It's way too soon to call newly elected Prime Minister Somchai Wongsawat an accidental hero. After all, only last week he was still seen as a potentially explosive force that might blow the national crisis to its next level of catastrophe. His connection with Thaksin Shinawatra is strong and deep, and pessimists are totally unhappy about the fact that the ousted leader's young sister is now Thailand's first lady.
Optimists insist we should not stereotype the Shinawatras, their relatives and associates. Somchai, if he is politically dangerous, must have shown the signs already. That he has sounded reconciliatory, that he hasn't said a word wrong about the political tension, should be welcomed. And if his apparent willingness to talk with the People's Alliance for Democracy (PAD) leads to some real efforts to break the deadlock, he deserves everyone's cooperation.
The PAD itself appears uncertain about how to handle him. On the one hand, it was easy to issue the strongest possible demand for his immediate ouster. On the other, the very man who lifted the state of emergency just a couple of days after having the power to do so might warrant a kinder scrutiny. In the end, the PAD's soft "No Somchai" yells have been drowned out by talk about his proposed negotiations. All of a sudden, the PAD has found the ball in its court.
Unlike most people associated with Thaksin, Somchai is not known for shadowy political manoeuvrings or business transactions. The biggest controversy in his bureaucratic and political career was a conflict with former justice minister Purachai Piumsombun when he (Somchai) served as justice permanent secretary. With his life now under a more intense focus, we may be in for previous unknown information, but as of now, there is something strangely calming about his ascendancy.
Somchai has a mountain to climb when it comes to setting up the new Cabinet. Highly unpopular Chalerm Yoobamrung is said to want to come back, and the notorious People Power Party faction led by Newin Chidchob is known to have made tough demands in exchange for its resentful support for his nomination. This is not to mention that qualified - and brave - candidates for ministerial positions are very hard to come by at the moment. It will be extremely difficult, but Somchai has only two options - form a credible Cabinet or risk following Samak out the early exit door.
But when it comes to the showdown with the PAD, Somchai has one big advantage - the absence of the belligerent Samak Sundaravej. Suddenly, the PAD has found itself to be the only one making noise, an unfamiliar situation that will make its already awkward occupation of Government House look even more awkward. The PAD needs new nasty enemies to reinvigorate the public's sympathies. Internally, it could get harder and harder to keep exhausted protesters motivated.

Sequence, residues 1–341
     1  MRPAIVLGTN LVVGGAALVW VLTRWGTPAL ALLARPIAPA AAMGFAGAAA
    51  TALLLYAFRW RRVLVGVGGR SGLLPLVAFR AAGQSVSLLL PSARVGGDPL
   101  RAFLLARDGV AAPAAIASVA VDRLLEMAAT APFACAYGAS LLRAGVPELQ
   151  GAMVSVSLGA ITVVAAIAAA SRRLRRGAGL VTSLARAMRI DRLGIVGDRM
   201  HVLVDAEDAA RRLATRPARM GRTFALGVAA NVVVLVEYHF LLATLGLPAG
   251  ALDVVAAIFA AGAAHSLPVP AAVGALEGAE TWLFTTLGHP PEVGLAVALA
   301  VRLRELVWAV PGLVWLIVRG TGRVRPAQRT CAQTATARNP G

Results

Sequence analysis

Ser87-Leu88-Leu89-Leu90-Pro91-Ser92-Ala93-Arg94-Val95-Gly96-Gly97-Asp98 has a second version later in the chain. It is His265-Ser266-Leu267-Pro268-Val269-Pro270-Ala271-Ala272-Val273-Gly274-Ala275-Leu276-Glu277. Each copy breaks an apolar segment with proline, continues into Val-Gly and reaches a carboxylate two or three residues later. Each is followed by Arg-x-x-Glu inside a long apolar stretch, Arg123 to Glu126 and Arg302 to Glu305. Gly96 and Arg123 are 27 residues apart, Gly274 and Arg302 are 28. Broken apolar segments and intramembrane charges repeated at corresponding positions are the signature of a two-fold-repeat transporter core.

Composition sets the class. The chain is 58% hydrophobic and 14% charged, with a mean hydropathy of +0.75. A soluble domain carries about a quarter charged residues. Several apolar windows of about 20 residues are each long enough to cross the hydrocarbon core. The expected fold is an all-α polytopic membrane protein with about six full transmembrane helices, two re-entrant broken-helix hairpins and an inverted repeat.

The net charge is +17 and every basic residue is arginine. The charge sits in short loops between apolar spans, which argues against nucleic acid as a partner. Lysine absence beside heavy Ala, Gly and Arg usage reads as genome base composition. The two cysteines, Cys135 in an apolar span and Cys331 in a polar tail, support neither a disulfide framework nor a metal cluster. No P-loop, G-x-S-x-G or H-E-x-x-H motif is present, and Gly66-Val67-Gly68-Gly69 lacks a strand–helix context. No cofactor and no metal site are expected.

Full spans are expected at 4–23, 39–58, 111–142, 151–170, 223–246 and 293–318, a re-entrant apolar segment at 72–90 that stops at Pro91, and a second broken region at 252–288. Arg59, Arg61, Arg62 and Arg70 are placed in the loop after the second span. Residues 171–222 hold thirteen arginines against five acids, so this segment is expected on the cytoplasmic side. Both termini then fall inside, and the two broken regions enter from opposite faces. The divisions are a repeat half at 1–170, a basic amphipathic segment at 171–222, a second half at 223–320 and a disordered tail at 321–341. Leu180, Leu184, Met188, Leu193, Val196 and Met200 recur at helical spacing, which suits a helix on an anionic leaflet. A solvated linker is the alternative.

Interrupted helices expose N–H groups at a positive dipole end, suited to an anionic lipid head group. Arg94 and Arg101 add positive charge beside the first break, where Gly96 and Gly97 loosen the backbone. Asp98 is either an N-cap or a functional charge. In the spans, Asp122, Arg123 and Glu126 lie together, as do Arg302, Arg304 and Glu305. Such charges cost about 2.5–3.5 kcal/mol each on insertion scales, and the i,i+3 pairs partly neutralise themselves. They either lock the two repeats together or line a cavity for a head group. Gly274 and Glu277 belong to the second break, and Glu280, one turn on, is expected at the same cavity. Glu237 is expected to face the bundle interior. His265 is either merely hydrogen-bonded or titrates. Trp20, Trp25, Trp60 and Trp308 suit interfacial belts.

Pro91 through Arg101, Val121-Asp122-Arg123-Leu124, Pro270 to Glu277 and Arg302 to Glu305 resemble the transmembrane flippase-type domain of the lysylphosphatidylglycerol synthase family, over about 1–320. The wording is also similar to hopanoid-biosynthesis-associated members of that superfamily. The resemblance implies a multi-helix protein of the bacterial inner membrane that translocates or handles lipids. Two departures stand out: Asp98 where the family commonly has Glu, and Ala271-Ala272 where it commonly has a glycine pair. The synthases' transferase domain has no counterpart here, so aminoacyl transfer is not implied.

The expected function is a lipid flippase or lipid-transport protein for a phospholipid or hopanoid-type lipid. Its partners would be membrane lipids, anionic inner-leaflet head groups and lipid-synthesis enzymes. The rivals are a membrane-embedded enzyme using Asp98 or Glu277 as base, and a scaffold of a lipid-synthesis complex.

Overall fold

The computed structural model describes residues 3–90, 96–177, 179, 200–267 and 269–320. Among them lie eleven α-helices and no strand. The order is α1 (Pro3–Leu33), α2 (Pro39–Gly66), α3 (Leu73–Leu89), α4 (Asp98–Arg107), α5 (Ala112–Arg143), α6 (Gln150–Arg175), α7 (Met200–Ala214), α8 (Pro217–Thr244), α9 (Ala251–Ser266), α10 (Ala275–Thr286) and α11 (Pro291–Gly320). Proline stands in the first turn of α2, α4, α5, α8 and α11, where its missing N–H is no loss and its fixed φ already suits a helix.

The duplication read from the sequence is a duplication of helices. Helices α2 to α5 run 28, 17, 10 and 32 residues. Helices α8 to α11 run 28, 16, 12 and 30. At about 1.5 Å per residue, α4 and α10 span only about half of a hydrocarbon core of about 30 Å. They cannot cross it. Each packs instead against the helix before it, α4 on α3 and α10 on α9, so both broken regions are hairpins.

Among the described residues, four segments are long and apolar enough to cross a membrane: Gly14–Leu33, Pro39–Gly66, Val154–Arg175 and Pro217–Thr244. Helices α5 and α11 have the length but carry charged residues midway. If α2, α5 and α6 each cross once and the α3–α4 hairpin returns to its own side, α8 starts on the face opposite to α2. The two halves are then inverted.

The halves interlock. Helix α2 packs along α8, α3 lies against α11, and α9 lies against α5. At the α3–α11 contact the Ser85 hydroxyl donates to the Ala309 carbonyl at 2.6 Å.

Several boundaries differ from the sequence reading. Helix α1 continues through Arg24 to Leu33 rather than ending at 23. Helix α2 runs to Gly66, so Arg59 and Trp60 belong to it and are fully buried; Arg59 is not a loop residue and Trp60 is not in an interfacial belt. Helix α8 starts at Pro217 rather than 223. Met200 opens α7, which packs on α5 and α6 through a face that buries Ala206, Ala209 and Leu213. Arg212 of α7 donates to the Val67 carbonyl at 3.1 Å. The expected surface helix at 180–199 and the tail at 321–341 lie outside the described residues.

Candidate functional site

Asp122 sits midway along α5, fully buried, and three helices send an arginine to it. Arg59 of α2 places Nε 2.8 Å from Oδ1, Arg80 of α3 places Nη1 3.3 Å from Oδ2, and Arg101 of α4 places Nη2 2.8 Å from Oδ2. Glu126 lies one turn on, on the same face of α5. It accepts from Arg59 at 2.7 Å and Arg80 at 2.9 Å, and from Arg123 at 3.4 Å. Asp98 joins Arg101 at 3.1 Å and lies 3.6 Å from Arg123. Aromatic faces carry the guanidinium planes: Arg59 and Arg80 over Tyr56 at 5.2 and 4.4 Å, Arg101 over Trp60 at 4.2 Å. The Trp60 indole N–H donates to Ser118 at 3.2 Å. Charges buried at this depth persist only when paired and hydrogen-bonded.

But things can turn against Somchai just as quickly. If he is really as smart as he has appeared so far, the new prime minister must know what led Samak to his early political demise. The former prime minister's defiant vow to amend the Constitution sent the PAD back to the streets, and what looked initially like a controllable crisis soon snowballed. Despite relentless rumours about Samak's readiness to betray his "master", the last government was doomed simply because it was perceived to be too close to Thaksin, if not being his outright "nominee".
Somchai's olive branch will soon be discarded if he follows Samak's disastrous path. The cases against Thaksin must never be interfered with and the last thing his government should do is revive the constitutional amendment plan. Such displays of neutrality will deprive the PAD of major ammunition and, if Thailand is lucky, we can achieve the first crucial step toward reconciliation - the one in which each warring party takes one step back.
There will be no honeymoon for Somchai. He is a leader in a crisis. In fact, he is a leader who is part of a crisis. It will be rear-guard actions all the way and everything can collapse so easily. There is no formula for survival under these circumstances and he may need to juggle among sincerity, shrewdness, decisiveness and flexibility. He doesn't have much time, but he seems to have successfully bought a little extra breathing space. How he uses it will determine whether he ends up being an unexpected hero or just another one who will bite the dust.